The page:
Moisturizing hair rinse is created from the following plants
Althaea officinalis is a truly magnificent mallow plant. Mallow grows well everywhere, but herbaceous rose does not really like Nordic, cold climate. Other mallows can be used for this purpose but they have really small roots compared to the marshmallow. You can also buy marshmallow roots from online shop.
I myself have bought marshmallow root from England. It can be obtained very cheaply from foreign online stores. The dried marshmallow root preserves very well, so you can buy a bigger batch it in stock.
How to use the marshmallow root?
- Measure 2 tablespoons of chopped, dried marshmallow root into a pot
- Pour on 0.5 litres of fresh water and cook for about 10-15 minutes.
- Strain the liquid while hot and cool it down. Plants containing mucus are difficult to strain when cooled.
- Use as a hair rinse to moisturize hair. You can let it stay for 10-20 minutes before rinsing.
You can also leave a decoction of marshmallow root slightly in your hair to give volume.
Fenugreek (Trigonella foenum-graecum) is one of my favourite hair washes. I found a recipe from a popular organic haircare blog called Hairbuddha
The site has plenty of Indian hair care tips. I have tried some and this fenugreek seems to fit well into my hair. Many of Hairbuddha’s guidelines are suitable for coarser, Indian style hair type.
Fenugreek gives the hair a wonderful shine and extra moisture. Lack of moisture is the factor that damages the hair.
Preparation of fenugreek rinse
- 2 tablespoons of fenugreek seeds
- 5 decilitres of fresh water
- Soak fenugreek seeds in water overnight
- Pour off the soaking water and add 5 decilitres of fresh water
- Boil the seeds for 15 minutes
- Strain the broth and use as a hair rinse
Flax seeds (Linum usitatissimum) contain the same mucilage as marshmallow root. Mucilage moisturizes the hair and at the same time give it volume. Flaxseed mucus is very tough and also acts as an organic hairspray.
I first heard about the use of flax seeds in hair care on Henriette Kress’s herbal therapy course. She advised the use of flaxseed mucus as a hairspray and for hair styling. If you want to make safe cosmetics for children for their beauty plays, flaxseed mucus is a very good hair gel.
Prepare the gel this way
- 2 tablespoons of flax seeds
- 3 decilitres of fresh water
- Boil flax seeds in water until you have only 1-1 ½ decilitres water left. You can decide the strength of the gel yourself.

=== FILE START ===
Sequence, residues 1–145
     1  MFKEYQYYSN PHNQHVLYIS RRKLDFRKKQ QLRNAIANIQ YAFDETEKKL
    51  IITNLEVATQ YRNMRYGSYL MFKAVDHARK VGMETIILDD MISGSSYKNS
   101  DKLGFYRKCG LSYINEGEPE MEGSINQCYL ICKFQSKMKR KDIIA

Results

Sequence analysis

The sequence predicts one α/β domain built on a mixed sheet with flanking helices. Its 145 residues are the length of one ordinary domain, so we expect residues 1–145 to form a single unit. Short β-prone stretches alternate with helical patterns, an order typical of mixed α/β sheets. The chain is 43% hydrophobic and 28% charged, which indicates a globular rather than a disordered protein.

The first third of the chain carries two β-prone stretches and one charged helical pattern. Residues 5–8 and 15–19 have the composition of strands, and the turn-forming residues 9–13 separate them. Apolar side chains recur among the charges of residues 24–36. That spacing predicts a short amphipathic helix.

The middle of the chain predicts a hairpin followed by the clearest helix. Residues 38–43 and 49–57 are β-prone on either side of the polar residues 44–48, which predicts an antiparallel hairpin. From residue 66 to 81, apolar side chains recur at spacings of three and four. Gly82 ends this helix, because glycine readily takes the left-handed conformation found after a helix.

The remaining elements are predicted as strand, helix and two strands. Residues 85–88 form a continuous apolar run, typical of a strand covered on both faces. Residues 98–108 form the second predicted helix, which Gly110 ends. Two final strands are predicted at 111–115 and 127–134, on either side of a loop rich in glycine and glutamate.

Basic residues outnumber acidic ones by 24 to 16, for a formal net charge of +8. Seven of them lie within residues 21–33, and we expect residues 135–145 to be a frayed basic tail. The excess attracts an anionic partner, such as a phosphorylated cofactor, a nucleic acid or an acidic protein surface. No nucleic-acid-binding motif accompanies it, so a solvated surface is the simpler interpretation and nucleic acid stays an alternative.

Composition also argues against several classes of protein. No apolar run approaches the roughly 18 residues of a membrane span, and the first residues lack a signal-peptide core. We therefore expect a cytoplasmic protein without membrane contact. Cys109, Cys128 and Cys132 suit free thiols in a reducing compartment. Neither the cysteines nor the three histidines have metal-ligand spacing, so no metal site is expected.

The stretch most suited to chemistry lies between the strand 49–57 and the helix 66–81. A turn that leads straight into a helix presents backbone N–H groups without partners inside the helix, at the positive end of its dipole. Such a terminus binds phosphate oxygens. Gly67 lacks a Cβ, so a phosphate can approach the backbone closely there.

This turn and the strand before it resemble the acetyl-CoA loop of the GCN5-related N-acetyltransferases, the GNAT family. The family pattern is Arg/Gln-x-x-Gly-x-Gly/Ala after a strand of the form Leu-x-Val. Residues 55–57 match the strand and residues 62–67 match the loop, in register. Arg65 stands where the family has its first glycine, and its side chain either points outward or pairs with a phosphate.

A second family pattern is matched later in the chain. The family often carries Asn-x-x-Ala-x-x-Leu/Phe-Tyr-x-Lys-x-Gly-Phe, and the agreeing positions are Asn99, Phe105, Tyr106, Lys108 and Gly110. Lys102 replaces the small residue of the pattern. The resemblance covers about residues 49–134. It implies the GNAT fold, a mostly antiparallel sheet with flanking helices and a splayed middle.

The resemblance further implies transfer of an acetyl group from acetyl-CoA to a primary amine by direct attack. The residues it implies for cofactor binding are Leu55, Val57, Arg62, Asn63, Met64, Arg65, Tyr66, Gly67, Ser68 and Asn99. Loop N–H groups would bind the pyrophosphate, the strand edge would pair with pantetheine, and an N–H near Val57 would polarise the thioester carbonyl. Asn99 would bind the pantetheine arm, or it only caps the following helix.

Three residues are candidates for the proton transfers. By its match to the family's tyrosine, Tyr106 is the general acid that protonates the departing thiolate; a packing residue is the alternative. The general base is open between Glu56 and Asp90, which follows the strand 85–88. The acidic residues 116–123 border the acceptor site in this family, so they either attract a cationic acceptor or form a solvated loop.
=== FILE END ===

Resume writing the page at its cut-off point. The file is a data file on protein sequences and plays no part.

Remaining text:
- Strain the gel immediately when hot, as the flax seeds will no longer separate from the cooled gel.
- Use a gel such as a hairspray. If you want real sprayable hairspray, leave the gel more liquid. You can apply a thicker gel to your hair with your fingers.
- This gel is good when you want to lift your hair up from the scalp.
- Flaxseed gel comes off the hair unfortunately easily when the hair dries. Simply brushing removes the gel easily.
You can get also a very caring hair rinse from flax seeds. The hair rinse is prepared like a gel but use 5 decilitres water and 2 tablespoons of flaxseeds.
You can let the flaxseed gel act on your hair after washing for 10-20 minutes.
If you want extra volume in your hair, you can leave a little flaxseed gel into your hair.
Other hair moisturizing plants
There are other moisturizing plants as well. You can make broths from all of these and use as a hair rinse.
This time I am not suggesting vinegar. I am not in favour of vinegar in hair care. Vinegar may be too dry for many. For some, vinegar suits well.
- Hibiscus juice is a very moisturizing but at the same time red colouring ingredient.
- Sage is very moisturizing and is reported to remove grey hair from dark hair
- Lavender is a neutral hair moisturizer
Acid rinses for hair
There are many very useful plants in nature for hair rinsing. The plants also contain several minerals as well as antioxidants that are beneficial to the scalp. If you want to ferment plants, you also get very useful probiotics from them.
Nettle is a very good hair conditioner
Nettle (Urtica dioica) is a very diverse plant. It is rich in silicon which is good for hair. Small nettles are best for food. Overgrown nettles should instead be used as a hair rinse. They have enough oxalic acid for acid rinsing. Nettle is also a highly antioxidant plant that also treats hair and scalp.
Nettle gives the hair a wonderful shine. The only limitation to the use of nettle is its suitability only for dark hair. Clearly, blonds should not use nettles in hair care.
Prepare the nettle decoction like this
- It is worth making a nettle decoction
- Collect about a litre of nettles. In terms of acid rinsing, bigger nettles are best
- Rinse the nettles, put in a pot and pour 2-3 litres of fresh water on top. You can adjust the amount of acidity with water. More water, less acidity.
- Boil the nettles for 20 minutes
- Allow the broth to cool down and strain it
- Use the broth as a hair rinse
Nettle has a darkening effect on the hair. To try the darkening effect, pour nettle soup several times through your hair.
Thank you so much for your interest and thank you for reading my entire post.
It would be really great if you would share your own natural hair care tips with me and other readers of my blog!